However, as Bayaya's horse says, "The straight road leads to hell!" It's an old truth, but it's one worth remembering.

Now I would like to quote Hannah Arendt, as translated by Alena Bláhová - the text is a selection of Arendt's answers to Günter Gause's questions in the "Zur Person" program of October 1964 on Germany's ZDF television: "I have never loved a nation or a collective in my life, neither the German nor the French nor the American, nor the working class, nor any of all the other similar things that exist. Besides my friends, I don't actually love anybody else. Above all, I would be suspicious of that kind of love for the Jewish people - precisely because I am a Jewish woman. Belonging to a certain group is a given, it's natural. You belong to that group forever, from birth. However, to belong to a group in the sense of its organized character is something completely different. That organized nature always means you are looking away from the rest of the world. So: those who organize themselves are held together by what are commonly called 'interests'. A direct, personal relationship, in which one can speak of love, exists in true love, of course, but also in friendship. There one is addressed directly, independently of other interests. In that way, differently-organized people can still become friends as individuals. However, if we confuse these things, if we bring that kind of 'love' to the negotiating table, I consider it to be something quite disastrous. I try to see politics through eyes that are not obscured by politics."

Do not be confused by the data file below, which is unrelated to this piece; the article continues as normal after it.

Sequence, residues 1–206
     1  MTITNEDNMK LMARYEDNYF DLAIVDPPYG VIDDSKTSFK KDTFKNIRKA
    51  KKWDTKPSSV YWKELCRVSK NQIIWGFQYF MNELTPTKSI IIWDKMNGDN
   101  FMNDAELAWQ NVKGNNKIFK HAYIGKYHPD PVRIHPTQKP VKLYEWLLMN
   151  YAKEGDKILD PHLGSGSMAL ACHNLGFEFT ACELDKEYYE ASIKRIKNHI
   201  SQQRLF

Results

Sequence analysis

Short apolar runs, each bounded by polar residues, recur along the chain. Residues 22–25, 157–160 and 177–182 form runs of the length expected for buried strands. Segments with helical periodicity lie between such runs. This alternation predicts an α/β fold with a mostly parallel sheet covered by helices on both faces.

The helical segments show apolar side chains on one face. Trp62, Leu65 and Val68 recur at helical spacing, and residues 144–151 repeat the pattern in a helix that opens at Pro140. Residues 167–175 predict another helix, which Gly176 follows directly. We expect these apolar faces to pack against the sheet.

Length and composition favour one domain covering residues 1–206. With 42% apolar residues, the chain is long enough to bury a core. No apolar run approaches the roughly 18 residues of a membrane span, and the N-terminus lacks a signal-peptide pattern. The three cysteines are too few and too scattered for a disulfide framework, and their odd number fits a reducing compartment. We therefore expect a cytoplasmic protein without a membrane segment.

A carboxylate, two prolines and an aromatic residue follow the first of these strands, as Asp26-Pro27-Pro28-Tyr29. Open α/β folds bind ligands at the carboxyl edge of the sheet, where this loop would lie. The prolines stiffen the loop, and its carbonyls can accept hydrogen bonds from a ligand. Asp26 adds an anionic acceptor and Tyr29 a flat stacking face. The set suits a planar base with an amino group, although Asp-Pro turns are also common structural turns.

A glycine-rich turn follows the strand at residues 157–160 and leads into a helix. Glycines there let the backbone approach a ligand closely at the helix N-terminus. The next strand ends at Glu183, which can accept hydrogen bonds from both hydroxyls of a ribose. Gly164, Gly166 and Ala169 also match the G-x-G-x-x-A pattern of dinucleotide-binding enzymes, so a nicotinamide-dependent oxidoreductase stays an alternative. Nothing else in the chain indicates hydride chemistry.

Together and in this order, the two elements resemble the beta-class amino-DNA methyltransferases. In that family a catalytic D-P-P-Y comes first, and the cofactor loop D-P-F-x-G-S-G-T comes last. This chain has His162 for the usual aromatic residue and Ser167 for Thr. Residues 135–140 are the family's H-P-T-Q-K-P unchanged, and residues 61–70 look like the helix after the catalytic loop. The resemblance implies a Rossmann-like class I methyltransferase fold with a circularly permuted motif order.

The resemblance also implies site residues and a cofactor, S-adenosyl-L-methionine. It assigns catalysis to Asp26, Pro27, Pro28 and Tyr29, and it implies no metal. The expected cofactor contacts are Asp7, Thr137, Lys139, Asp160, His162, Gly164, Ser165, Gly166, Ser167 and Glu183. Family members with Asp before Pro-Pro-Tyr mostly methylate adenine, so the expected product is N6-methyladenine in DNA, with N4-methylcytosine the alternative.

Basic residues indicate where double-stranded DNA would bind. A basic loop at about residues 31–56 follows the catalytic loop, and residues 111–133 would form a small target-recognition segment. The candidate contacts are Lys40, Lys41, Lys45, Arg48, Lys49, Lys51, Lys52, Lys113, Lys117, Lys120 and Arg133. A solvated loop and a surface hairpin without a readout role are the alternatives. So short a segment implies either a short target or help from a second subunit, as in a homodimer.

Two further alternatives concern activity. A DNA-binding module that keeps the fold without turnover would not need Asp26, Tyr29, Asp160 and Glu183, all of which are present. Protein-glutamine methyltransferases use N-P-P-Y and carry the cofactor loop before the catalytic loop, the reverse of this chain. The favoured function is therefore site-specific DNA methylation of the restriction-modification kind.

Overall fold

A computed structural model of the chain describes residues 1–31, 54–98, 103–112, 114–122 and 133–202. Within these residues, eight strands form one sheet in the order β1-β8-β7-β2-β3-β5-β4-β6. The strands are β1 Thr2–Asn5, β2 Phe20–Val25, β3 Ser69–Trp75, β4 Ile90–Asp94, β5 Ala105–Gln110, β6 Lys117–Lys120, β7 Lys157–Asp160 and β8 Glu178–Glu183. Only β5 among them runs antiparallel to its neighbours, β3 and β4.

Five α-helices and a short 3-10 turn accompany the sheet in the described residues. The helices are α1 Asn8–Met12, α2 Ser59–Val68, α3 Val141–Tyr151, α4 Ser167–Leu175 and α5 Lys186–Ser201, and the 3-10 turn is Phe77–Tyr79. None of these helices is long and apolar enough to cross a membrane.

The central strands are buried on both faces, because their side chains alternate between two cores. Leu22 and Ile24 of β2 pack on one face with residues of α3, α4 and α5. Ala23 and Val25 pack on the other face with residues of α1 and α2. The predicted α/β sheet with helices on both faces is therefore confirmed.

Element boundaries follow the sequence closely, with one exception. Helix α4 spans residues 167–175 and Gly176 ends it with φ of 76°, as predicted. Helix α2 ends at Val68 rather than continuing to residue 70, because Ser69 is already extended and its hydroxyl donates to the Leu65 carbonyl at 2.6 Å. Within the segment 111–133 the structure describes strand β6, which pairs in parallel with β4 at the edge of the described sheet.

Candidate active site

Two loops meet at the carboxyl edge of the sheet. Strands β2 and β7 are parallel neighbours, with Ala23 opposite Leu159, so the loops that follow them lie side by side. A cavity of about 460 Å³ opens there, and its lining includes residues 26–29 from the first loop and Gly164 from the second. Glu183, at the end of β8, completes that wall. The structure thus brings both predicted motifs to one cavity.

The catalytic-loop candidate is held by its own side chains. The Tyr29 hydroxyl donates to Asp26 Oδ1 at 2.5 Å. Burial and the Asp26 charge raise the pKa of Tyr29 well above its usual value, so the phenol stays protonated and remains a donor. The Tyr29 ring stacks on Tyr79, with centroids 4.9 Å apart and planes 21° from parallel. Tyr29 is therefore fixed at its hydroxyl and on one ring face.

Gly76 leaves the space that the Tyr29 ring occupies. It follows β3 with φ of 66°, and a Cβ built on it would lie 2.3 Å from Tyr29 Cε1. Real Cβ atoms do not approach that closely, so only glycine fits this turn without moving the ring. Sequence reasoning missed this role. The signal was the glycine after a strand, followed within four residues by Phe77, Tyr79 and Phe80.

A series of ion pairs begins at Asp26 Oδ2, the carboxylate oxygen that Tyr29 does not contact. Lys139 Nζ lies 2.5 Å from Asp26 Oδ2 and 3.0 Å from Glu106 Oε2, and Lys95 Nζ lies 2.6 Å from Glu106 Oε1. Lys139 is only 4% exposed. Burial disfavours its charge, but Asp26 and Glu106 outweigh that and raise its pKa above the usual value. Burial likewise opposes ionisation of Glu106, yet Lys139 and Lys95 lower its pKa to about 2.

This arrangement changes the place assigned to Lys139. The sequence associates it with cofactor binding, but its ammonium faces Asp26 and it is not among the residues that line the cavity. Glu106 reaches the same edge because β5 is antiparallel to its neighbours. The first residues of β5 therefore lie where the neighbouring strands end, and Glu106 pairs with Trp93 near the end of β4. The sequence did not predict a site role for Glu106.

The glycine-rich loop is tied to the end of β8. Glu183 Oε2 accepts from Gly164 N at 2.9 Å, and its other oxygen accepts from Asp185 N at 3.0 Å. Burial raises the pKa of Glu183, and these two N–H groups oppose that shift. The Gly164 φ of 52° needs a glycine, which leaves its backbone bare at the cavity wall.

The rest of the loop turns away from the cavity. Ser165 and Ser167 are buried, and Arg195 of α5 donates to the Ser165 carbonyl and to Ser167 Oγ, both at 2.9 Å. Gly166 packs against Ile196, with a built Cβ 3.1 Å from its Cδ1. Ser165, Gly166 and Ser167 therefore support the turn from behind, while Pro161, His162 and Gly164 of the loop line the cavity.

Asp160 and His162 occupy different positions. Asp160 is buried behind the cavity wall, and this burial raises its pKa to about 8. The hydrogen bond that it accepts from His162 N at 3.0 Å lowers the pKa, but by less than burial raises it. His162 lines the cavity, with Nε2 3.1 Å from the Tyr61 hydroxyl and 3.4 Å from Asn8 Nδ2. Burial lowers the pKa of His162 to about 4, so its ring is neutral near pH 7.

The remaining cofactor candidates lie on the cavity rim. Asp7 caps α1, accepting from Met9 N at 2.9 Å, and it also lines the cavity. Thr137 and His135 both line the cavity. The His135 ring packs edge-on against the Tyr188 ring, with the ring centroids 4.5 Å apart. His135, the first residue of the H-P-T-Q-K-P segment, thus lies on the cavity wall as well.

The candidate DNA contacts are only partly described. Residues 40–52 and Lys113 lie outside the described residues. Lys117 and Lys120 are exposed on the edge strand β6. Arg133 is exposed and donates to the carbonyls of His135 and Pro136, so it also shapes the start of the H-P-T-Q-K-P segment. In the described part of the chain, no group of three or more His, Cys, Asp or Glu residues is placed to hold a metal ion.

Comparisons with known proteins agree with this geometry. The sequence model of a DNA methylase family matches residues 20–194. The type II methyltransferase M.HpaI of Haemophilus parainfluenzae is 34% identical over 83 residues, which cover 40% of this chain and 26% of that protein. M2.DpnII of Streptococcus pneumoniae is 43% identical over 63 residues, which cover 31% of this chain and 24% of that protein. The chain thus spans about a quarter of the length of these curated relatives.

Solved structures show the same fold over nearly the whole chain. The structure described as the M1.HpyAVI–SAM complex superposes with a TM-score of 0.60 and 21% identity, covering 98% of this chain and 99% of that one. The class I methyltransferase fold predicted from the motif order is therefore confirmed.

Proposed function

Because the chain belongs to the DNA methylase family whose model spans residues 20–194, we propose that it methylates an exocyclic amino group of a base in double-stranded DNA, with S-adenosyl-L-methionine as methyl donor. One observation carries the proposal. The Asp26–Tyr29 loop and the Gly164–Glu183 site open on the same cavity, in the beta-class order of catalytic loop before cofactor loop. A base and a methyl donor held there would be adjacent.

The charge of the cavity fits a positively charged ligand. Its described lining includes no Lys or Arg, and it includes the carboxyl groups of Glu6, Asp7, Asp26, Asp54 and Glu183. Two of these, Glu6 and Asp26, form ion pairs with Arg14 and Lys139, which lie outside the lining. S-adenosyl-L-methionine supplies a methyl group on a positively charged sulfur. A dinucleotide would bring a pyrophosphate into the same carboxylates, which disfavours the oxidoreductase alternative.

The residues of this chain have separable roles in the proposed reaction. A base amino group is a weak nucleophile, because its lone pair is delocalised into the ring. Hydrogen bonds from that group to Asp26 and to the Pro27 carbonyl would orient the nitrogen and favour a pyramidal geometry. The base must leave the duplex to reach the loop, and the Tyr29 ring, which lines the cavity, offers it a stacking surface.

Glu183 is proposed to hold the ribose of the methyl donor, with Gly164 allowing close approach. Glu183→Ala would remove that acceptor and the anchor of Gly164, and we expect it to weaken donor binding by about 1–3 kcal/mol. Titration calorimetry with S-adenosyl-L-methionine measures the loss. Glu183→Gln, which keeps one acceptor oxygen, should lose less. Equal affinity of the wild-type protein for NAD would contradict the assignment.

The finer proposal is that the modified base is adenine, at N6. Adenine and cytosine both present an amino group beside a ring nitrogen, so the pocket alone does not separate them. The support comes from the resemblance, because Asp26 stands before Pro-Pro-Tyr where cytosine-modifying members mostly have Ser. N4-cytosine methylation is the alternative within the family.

A bit later on she says: "Humanity is never attained in solitude, and it is not attained by presenting one's work to the public. Just those who have the courage to disclose both their lives and their persons will attain it. We start something, we weave our threads into a network of relationships. We never know what will arise as a consequence. We all have to rely on the sentence: 'Lord, forgive them, for they know not what they do.' This applies to any conduct. Simply put, it's just because one does not know what the ultimate impact of one's deeds will be. That's the risk. I would say this risk can only be taken in conjunction with faith in other people, that is, with a hard-to-understand but fundamental trust in the humanity of all people. We cannot do otherwise."

That's Hannah Arendt. I would add that no matter whether we are doing well in any community or group of people, or whether we find some benefit in participating in that group, we must be vigilant as to whether we are protecting our own humanity, which ceases to exist when we deprive others of room for theirs.

It depends on whether we want to be humane, and I believe that most people are born into this world with positive ideals, but that conflicts of interest soon arise for us, namely, the interests of individuals endowed with egos, and those conflicts make it so easy for us to part ways with our ideals and to be misled. We human beings apparently never have enough caution available when we need it, whether for these matters, or others similar to them.

voj, translated by Gwendolyn Albert
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Holocaust, Mezinárodní den obětí holocaustu, Projev, Senát